For example if you look at sports like netball or football, it isn’t just 60 or 90 minutes or constant activity. Realistically these are actually more like a series of short intense bursts of activity and breaks in play or more gentle activity – then length of the bursts of activity would depend on the position the player is playing in. So, while a steady run would give you endurance for the duration of the game, interval training better replicates and trains you for the demands of the sport – why not try some HIIT sessions.
Alternatively, think about increasingly popular ‘tough mudder’ type obstacle races / challenges. These are endurance events with a 5km, 10km or more run, with a variety of strength sapping obstacles throw in along the route. So steady paced runs will be great for the distance to be covered, but you’d be wise to include some strength training to give you the upper body strength to get over walls, the leg strength to wade through mud, or whatever evils the organisers choose to throw at you.
For purely endurance events increasing the duration of your activity could eat up a lot of time and won’t necessarily guarantee success or improve your time. If you were going to do a cycling challenge, then spending some time off the bike doing strength work on your legs would help enormously, particularly if you are heading off on a hilly route. Also including a regular weights session will bring quicker strength gains in your legs than trying to do this on the bike.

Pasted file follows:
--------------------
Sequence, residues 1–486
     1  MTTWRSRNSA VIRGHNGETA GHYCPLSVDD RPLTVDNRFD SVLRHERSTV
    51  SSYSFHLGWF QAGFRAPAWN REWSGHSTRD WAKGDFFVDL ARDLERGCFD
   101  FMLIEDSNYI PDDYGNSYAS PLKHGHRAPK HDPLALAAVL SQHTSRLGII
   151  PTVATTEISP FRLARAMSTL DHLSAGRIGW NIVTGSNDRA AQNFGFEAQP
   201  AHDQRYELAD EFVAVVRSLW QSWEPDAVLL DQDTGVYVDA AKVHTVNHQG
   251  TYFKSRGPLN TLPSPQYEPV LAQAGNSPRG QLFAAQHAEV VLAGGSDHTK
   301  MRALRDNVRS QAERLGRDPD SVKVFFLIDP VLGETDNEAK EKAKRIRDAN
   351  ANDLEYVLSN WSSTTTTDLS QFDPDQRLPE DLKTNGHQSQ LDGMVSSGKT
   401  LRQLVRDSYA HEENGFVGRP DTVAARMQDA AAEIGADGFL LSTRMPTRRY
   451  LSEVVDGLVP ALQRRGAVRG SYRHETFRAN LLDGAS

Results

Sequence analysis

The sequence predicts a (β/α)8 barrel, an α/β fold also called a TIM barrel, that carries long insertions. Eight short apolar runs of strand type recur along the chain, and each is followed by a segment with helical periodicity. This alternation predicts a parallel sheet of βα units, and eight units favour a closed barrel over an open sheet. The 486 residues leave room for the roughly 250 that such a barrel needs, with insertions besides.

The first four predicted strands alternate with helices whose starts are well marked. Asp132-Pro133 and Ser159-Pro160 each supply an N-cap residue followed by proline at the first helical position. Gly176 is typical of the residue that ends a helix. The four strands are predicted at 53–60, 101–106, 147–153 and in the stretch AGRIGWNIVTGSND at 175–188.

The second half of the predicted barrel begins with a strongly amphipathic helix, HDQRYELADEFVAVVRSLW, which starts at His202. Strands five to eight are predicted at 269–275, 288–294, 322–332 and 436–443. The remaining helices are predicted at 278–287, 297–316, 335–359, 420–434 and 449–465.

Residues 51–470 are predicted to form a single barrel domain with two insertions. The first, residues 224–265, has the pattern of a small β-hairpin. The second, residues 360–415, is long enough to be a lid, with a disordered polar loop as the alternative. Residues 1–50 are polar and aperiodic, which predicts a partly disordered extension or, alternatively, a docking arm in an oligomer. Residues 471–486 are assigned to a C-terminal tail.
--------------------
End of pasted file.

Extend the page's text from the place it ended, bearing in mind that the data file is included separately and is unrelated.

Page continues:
Most distance runners will include some speed intervals in their training. Although they need to be able to run at a reasonably steady pace over a long distance, if you only train at a steady pace you won’t actually get any quicker! By adding intervals at a faster pace the runner is getting their body used to a hard pace and over time will be able to sustain a faster pace over the distance than before.
What other training would benefit you?
Cross training does have many benefits. It can allow other muscles and energy systems to recover and provides variety for your workouts, as well as complementing your specific training. Other areas to consider are working on include:
- Core muscle – these are important for most activities and sports as well as everyday activities, and maintaining good posture.
- Flexibility and mobility – all activities require this. You may already stretch after a good work out to maintain flexibility and help recovery. However, adding a flexibility session, yoga or Pilates to your fitness routine will help your performance and benefit you in everyday activities.
Are there activities that would be counter-productive?
Spending time training the wrong muscle groups or energy systems for your chosen activity will waste your time. You may also be spending time on things that could work against you.
For example if you do a sport that requires you to go hard and fast over a short duration, doing long steady paces training runs will develop the wrong energy systems and won’t prepare your muscles or the work you are going to ask them to do.